Swedish households wealthier than ever

Swedish households wealthier than ever
The net worth of Swedish households grew by 244 billion kronor ($35.58 billion) to 7.26 trillion kronor in the third quarter, the measure's highest nominal level ever, according to a new SEB study.

All asset classes, including housing, interest and shares, increased in value, while the debt ratio, or household debt relative to assets, is currently around 27 percent, Swedish bank SEB announced in its savings barometer for the third quarter presented on Monday.

“The strong stock market and the continued rise in housing prices are a couple of explanations for the increase in wealth during the quarter,” wrote SEB private economist Gunilla Nyström in a statement on Monday.

During the quarter, the Stockholm Stock Exchange rose 9.7 percent, while Swedish housing prices increased 0.9 percent.

The net worth of Swedish households reached its highest nominal levels ever in the quarter, but have not yet reached the previous peak achieved in the second quarter of 2007 in actual terms.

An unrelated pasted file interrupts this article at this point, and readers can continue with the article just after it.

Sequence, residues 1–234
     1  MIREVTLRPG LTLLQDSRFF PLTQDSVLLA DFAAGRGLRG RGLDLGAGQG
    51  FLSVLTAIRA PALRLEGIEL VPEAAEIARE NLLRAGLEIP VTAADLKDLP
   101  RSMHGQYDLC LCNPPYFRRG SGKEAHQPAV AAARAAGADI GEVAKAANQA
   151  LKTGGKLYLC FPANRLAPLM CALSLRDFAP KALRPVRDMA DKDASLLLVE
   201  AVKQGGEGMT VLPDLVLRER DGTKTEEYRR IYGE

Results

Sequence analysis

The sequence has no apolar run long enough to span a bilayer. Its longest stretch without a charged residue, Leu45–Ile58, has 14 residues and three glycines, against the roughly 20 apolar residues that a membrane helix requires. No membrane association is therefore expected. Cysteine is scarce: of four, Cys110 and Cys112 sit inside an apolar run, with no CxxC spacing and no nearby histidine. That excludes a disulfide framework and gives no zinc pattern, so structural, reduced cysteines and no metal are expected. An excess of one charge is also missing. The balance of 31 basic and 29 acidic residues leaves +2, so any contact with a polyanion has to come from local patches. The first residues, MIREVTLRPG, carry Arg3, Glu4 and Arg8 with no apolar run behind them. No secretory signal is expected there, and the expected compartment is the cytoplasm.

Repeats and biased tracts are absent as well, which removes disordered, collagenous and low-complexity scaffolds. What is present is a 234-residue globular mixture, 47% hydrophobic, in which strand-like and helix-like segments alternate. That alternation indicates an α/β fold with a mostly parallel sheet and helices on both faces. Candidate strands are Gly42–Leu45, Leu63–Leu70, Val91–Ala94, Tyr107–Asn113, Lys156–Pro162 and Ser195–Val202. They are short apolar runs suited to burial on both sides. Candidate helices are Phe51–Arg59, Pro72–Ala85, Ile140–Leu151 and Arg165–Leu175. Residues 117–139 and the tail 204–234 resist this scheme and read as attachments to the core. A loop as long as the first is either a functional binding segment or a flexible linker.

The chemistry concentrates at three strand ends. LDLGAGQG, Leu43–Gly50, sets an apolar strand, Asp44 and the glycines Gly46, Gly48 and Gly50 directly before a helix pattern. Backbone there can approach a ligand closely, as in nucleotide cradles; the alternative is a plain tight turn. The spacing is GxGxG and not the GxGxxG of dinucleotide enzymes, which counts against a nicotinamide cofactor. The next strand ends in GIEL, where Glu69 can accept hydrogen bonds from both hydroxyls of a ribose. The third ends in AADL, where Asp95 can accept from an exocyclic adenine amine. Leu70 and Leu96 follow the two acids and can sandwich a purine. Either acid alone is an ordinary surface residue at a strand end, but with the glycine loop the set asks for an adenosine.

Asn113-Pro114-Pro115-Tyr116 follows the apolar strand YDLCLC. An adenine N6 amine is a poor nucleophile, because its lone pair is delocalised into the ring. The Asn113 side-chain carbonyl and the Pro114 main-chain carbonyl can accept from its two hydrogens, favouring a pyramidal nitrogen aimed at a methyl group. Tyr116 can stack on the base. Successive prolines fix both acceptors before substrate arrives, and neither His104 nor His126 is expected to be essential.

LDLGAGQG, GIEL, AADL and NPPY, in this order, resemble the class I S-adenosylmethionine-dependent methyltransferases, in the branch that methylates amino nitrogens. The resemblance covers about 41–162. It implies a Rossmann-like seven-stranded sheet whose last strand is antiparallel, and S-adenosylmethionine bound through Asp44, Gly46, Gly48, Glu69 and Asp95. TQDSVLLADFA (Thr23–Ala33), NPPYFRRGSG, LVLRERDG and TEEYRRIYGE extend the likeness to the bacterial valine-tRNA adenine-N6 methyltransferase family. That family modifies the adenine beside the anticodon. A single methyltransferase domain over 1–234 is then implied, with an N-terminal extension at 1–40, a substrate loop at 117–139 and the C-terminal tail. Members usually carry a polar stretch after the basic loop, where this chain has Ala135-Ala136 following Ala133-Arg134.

In terms of valuation in kronor, households as a group have never been richer than they are now. However, in real terms, current levels of cumulative capital are still about 20 billion kronor shy of the total household wealth levels reached in the summer of 2007.

However, household loans continued to grow strongly during the quarter, increasing 8.3 percent from last year, the same level as the previous quarter.

“Sweden has strong growth, unemployment is falling back, the stock market has risen and a large majority of households believe in rising or stagnant house prices,” said Nyström.

“In this environment, The ROT deduction for home renovations is attractive and the still-low interest rates for households to take out new loans for renovations,” she added.

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